Sep 4 12:27 PM | Likes Like |Link to Comment
  • Aug ISM Manufacturing Index: 49.6 vs. 50.0 consensus and 49.8 prior. Prices index 54.0 vs. 39.5 prior. Employment 51.6 vs. 52.0. Inventories 53.0 vs. 49.0. New orders 47.1 vs. 48.0. [View news story]
    jw/bbro,

    Hussman covered the moving average topic in last week's letter:

    http://bit.ly/TifThR
    "One of the questions we often receive is why we don’t simply lift our hedges when the market advances above some moving average or another, and replace them when the market breaks below those moving averages. Certainly, when one looks a chart, extended market advances always break above various moving averages, and extended market declines always break below various moving averages, so simple trend-following strategies seem utterly self-evident. Unfortunately, if you actually take that strategy to historical data, the results typically aren’t nearly as compelling. Moreover, once any amount of slippage or transaction costs are taken into account, the most widely-followed strategies generally underperform a passive buy-and-hold strategy over time, and often don’t even manage downside risk particularly well."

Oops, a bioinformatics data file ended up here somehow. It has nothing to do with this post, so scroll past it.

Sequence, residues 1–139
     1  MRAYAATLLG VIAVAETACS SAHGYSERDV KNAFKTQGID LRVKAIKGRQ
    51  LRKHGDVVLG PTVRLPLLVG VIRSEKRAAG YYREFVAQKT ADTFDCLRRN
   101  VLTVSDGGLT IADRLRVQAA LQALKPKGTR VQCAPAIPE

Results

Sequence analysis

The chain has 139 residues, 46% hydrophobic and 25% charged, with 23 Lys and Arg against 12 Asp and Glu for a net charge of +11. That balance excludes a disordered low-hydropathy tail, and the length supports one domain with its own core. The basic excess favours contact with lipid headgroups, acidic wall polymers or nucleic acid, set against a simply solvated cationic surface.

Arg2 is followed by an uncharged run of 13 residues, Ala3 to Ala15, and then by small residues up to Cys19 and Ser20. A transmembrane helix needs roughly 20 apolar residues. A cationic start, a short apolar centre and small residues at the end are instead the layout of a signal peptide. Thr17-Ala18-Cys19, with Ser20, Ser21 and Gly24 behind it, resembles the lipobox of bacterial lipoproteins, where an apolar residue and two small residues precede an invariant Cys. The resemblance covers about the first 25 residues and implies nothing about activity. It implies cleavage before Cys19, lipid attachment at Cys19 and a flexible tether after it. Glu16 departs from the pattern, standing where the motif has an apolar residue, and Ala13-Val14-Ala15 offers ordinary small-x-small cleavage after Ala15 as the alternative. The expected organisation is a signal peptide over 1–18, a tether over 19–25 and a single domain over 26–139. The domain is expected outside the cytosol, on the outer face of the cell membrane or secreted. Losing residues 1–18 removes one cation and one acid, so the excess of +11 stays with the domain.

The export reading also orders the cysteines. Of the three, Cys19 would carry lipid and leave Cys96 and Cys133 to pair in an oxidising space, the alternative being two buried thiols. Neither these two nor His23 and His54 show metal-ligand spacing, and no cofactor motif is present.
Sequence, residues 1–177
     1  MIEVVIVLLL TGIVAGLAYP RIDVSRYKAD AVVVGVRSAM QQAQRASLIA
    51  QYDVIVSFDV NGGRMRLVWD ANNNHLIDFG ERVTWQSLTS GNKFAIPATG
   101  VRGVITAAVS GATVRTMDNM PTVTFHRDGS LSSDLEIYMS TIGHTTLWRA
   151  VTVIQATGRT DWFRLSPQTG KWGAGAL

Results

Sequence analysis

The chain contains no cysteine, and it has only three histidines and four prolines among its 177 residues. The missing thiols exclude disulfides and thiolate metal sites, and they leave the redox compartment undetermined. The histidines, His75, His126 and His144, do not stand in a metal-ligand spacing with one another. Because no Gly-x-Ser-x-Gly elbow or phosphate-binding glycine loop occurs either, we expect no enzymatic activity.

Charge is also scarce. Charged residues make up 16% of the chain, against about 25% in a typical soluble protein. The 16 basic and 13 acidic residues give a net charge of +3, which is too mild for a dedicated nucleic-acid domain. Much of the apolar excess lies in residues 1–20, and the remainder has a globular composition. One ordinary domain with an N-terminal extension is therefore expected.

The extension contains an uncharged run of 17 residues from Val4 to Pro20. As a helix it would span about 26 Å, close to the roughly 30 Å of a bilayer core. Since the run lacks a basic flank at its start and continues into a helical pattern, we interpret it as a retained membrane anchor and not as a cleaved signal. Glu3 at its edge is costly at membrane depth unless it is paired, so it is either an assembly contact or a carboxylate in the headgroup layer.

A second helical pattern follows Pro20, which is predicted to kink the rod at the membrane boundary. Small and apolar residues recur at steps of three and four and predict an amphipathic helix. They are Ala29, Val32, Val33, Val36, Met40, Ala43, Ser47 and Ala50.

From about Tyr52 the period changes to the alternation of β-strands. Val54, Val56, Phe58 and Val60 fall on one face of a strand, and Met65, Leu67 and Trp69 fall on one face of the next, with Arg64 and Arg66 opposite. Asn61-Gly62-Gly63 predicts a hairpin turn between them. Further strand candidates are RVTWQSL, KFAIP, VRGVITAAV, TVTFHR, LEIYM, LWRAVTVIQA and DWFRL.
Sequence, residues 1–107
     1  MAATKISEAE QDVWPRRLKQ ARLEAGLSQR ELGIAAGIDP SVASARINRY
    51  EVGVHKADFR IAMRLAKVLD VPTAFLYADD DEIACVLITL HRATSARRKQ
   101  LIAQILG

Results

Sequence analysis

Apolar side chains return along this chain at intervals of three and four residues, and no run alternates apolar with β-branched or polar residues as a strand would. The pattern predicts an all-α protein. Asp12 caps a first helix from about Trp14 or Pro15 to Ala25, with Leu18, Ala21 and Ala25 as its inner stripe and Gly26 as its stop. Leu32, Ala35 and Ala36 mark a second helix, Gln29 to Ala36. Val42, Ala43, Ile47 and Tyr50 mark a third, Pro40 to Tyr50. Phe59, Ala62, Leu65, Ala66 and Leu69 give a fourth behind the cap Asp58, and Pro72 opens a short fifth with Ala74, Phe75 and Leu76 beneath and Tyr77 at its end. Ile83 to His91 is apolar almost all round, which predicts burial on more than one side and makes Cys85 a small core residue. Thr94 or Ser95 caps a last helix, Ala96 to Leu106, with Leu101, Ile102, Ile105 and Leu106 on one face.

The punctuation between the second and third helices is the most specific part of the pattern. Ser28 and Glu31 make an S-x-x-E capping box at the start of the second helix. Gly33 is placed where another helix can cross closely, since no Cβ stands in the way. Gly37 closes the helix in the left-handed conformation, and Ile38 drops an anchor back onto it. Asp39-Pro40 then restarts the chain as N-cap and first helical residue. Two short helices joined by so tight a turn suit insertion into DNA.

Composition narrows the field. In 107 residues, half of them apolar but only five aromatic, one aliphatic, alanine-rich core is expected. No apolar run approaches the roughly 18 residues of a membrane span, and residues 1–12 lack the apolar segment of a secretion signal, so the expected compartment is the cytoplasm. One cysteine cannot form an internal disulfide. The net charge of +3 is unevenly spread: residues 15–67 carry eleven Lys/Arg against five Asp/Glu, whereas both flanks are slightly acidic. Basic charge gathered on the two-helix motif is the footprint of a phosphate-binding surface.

Sep 4 12:24 PM | Likes Like |Link to Comment
  • The bear case for stocks may make sense, but how do you square it with BAML's survey showing overwhelming bearishness (the highest since 1985) amongst professional managers? Such extremes in negative sentiment have been great buying opportunities in the past. (h/t tradefast[View news story]
    The chart is dumb without the S&P500 overlay.

    What it appears to show is that markets peak right at relative bullish peaks and then sell-off. Take a look at 2000 and Jan 2007.

    You could just as easily conclude that the recent bullish top for this index once again marked the top on the market.

    Although in theory this really could be a buy signal, then again so is any other piece of data - it all depends upon your mindset :)
    Sep 4 11:32 AM | 1 Like Like |Link to Comment
  • Aug ISM Manufacturing Index: 49.6 vs. 50.0 consensus and 49.8 prior. Prices index 54.0 vs. 39.5 prior. Employment 51.6 vs. 52.0. Inventories 53.0 vs. 49.0. New orders 47.1 vs. 48.0. [View news story]
    bbro,

    Have you ever graphed your "recession composite" versus the performance of the S&P 500?

    Does it give you enough warning to make changes to your portfolio if you feel it is warranted?

    Thanks.
    Sep 4 11:04 AM | 1 Like Like |Link to Comment
  • After three "jobless recoveries" in the last twenty years, NYT's Hedrick Smith suggests it's time to take a lesson from Henry Ford. History has proven Ford's virtuous circle to be effective, and if business managers "give the middle class a better share of the nation’s economic gains... the economy will grow faster." [View news story]
    TA,

    "and do not bolster your argument."

    I made no such argument, I simply presented the price.

    I am amazed at how rabidly partisan you are exactly the opposite of what I expected.